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The Velizh Affair: Blood Libel in a Russian Town

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On April 22, 1823, a three-year-old boy named Fedor finished his lunch and went to play outside. Fedor never returned home from his walk. Several days later, a neighbor found his mutilated body drained of blood and repeatedly pierced. In small market towns, where houses were clustered together, residents knew each other on intimate terms, and people gossiped in taverns, courtyards, and streets, even the most trivial bits of news spread like wildfire. It did not take long before rumors began to emerge that Jews murdered the little boy.

The Velizh Affair reconstructs the lives of Jews and their Christian neighbors caught up in the aftermath of this chilling criminal act. The investigation into Fedor's death resulted in the charging of forty-three Jews with ritual murder, theft and desecration of church property, and the forcible conversion of three town residents. Drawing on an astonishing number of newly discovered trial records, historian Eugene M. Avrutin explores the multiple factors that not only caused fear and conflict in everyday life, but also the social and cultural worlds of a multiethnic population that had coexisted for hundreds of years.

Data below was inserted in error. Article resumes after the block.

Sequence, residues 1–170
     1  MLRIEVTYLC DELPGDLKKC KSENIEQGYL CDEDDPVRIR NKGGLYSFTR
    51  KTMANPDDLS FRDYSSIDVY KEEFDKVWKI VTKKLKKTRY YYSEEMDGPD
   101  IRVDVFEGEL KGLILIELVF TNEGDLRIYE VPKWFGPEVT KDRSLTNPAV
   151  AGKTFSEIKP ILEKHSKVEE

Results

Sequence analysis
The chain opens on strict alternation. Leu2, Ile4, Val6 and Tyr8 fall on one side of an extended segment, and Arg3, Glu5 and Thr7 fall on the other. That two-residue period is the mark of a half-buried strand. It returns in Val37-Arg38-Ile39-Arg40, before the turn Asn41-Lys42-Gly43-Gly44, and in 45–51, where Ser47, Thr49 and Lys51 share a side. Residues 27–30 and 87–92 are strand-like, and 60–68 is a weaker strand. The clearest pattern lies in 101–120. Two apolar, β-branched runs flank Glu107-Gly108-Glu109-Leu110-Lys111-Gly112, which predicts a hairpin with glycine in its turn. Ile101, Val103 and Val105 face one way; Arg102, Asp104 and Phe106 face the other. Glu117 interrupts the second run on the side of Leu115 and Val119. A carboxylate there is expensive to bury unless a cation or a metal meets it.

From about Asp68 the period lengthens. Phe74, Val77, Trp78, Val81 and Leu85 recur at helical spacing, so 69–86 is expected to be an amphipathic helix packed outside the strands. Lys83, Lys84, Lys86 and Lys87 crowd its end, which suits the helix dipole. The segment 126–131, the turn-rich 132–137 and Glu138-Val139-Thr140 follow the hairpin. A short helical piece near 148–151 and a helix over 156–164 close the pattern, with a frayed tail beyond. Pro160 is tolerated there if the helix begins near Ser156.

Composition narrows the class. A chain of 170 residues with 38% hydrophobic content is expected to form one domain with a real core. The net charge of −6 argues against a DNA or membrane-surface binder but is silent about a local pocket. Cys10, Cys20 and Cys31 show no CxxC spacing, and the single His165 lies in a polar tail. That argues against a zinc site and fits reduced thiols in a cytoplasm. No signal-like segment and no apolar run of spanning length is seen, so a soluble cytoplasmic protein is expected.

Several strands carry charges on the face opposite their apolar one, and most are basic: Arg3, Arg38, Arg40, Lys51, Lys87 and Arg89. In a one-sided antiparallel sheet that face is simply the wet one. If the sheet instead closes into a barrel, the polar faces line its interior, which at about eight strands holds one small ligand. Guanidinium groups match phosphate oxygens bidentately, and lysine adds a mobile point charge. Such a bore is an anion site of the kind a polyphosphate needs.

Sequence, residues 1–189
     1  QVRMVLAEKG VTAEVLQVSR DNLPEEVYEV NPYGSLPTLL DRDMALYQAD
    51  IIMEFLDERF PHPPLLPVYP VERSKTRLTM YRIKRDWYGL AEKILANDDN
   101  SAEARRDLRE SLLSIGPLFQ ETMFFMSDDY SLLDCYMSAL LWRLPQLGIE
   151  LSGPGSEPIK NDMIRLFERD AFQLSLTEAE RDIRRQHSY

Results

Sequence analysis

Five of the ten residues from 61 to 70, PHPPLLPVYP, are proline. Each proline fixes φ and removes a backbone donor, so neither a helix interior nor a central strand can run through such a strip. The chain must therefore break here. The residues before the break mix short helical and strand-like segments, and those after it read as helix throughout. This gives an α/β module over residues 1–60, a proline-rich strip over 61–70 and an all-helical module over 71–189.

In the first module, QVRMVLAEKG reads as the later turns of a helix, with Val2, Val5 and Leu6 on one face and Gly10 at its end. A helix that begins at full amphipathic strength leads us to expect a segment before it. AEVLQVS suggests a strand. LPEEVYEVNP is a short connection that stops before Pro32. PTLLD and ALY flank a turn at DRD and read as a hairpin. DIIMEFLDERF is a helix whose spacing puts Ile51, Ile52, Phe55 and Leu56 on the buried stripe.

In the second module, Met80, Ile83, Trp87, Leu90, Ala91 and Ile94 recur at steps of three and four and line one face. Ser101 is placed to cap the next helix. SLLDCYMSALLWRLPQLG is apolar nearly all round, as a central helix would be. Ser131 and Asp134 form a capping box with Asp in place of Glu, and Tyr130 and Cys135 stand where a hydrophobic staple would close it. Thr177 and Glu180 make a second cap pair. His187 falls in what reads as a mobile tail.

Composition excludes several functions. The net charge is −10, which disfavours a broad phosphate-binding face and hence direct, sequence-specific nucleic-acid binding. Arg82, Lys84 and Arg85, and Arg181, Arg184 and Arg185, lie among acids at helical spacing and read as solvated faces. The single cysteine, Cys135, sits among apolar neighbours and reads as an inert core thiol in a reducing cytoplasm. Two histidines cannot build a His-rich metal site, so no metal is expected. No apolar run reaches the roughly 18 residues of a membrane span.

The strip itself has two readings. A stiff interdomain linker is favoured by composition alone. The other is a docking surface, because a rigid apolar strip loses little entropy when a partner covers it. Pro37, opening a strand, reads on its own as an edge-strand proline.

This beautifully crafted book provides an intimate glimpse into small-town life in eastern Europe. The case unfolded in a town like any other town in the Russian Empire where lives were closely interwoven, where rivalries and confrontations were part of day-to-day existence, and where the blood libel was part of a well-established belief system.

Author: Avrutin Eugene
Pages: 248
ISBN: 9780197645338
Cover: Paperback
Edition Number: 1
Release Year: 2022

Chapter 1: Fedor Goes for a Walk
Chapter 2: Small-Town Life
Chapter 3: Tsar Alexander Pays a Visit
Chapter 4: The Confrontations
Chapter 5: Grievances
Chapter 6: The Investigation Widens
Chapter 7: Boundaries of the Law
Appendix: Jewish prisoners held in the town of Velizh

Eugene M. Avrutin is the Tobor Family Endowed Professor of Modern European Jewish History at the University of Illinois, Urbana-Champaign. His books include Jews and the Imperial State: Identification Politics in Tsarist Russia and Racism in Modern Russia: From the Romanovs to Putin. He is also the co-editor of Pogroms: A Documentary History.

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